In an emotional speech in Kiev on Sunday, former Russian oil tycoon Mikhail Khodorkovsky – recently released from 10 years in jail – told the Maidan “there is another Russia”, one opposed to military action in Ukraine. Russian writer and broadcaster Andrei Ostalski agrees but says it’s a small and embattled community.
On 2 March, one day after the Upper Chamber of the Russian parliament passed a motion allowing President Putin to use Russia’s armed forces anywhere on Ukrainian territory, a Muscovite decided to stage a one-man protest. He knew it was a rather risky affair as the streets were full of “patriotically” minded people rejoicing and celebrating the prospect of a quick victorious war against their neighbour.
Nevertheless, Alexei Sokirko found a place on the pavement on Nikolskaya Street and unfolded his “Stop the war” banner.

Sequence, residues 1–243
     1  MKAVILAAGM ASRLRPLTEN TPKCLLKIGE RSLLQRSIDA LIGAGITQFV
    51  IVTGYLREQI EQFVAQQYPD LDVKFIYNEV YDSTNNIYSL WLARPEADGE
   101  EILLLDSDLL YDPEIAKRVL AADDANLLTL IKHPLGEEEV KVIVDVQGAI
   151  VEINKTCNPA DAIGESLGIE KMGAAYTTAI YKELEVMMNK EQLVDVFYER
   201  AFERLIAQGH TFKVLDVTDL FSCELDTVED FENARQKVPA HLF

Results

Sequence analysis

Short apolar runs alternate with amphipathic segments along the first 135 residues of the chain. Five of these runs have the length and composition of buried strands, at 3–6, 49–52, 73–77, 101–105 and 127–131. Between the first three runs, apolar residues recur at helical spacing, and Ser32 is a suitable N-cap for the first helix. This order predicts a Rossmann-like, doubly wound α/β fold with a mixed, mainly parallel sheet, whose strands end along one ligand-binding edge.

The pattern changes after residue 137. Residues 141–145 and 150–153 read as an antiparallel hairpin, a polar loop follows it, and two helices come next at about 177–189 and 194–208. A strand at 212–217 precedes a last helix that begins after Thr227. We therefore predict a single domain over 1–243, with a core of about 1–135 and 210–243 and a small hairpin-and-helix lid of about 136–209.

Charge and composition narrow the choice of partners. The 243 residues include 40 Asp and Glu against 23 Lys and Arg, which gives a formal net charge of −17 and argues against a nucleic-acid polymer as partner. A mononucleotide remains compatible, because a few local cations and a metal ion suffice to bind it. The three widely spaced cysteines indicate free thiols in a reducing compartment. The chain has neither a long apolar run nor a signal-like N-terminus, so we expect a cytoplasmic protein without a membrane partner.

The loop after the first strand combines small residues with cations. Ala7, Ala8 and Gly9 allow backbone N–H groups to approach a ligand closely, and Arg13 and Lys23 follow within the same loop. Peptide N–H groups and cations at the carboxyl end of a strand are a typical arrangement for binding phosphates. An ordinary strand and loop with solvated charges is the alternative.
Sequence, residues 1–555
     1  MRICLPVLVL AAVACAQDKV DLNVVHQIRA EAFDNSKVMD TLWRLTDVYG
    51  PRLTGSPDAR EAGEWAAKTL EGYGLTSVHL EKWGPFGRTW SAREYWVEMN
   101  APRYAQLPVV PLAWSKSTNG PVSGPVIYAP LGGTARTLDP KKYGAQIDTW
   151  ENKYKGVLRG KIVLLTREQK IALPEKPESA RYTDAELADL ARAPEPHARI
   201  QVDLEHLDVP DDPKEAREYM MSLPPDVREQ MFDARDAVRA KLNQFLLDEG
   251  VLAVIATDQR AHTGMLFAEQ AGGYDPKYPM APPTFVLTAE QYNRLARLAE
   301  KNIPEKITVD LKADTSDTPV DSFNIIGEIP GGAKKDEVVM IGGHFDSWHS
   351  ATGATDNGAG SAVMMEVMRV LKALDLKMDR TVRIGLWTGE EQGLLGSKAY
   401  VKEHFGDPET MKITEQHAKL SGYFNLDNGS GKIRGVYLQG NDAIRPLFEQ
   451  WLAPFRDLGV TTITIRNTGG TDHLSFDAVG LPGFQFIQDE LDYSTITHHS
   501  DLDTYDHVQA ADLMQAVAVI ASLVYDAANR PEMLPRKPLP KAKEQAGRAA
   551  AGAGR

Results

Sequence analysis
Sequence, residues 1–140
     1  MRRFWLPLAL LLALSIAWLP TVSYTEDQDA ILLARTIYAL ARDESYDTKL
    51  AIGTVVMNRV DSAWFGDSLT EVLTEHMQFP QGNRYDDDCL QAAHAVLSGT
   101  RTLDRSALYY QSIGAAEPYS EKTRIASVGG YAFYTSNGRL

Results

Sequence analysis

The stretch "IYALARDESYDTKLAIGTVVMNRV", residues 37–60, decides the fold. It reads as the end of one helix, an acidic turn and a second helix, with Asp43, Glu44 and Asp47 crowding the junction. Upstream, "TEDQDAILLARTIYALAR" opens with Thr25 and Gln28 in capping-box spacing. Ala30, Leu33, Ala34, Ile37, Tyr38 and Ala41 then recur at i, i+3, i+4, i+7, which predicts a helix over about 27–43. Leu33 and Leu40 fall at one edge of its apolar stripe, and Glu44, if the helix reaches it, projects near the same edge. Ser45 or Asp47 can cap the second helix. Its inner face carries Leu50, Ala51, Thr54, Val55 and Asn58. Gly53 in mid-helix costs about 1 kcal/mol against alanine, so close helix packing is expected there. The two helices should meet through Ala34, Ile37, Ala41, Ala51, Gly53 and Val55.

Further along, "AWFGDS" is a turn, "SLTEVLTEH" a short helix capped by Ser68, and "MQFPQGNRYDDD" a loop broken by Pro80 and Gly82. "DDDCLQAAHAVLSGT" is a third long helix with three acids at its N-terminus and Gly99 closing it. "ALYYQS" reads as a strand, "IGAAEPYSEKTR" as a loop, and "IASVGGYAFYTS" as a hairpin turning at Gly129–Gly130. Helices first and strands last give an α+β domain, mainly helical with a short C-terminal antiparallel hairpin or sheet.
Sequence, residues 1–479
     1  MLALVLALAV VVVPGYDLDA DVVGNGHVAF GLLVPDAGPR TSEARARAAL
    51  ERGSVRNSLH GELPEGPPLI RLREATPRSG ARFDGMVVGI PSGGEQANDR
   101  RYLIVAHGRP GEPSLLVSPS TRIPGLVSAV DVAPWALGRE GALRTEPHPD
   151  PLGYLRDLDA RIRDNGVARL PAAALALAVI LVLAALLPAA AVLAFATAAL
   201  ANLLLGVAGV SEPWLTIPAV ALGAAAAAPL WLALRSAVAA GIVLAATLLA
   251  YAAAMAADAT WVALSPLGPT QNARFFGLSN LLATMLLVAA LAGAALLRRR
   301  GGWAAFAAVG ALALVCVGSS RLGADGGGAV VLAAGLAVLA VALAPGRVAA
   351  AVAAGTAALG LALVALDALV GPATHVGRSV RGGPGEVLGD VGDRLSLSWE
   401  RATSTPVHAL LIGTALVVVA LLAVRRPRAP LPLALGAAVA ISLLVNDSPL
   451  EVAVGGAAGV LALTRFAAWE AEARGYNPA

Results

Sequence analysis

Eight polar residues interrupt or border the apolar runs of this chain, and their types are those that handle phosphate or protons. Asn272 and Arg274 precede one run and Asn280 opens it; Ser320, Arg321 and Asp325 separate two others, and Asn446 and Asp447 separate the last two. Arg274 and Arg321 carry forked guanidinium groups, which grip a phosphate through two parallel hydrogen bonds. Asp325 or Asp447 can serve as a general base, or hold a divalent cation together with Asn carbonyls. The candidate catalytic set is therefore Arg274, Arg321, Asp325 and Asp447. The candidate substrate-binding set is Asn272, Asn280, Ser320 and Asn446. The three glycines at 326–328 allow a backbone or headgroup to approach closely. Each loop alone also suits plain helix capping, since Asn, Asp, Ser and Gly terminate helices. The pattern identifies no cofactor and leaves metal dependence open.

Russian law allows one-man pickets to be staged without prior permission or advance notification so the police didn’t do anything at first. In fact, they didn’t need to as Alexei immediately started getting harassed by angry passers-by. To begin with they called him “fascist” and “scum”. Then a woman spat at him. A few men started threatening him, and finally one of them snatched the banner from his hands and tore it up.
A scuffle followed – that was when the police intervened to arrest Alexei for violating public order. It was probably just as well, as he could have been seriously beaten. A woman then offered to fabricate a more serious charge against him. “I can testify that he was beating up a child,” she suggested, enthusiastically. The policemen decided not to take her up on it.
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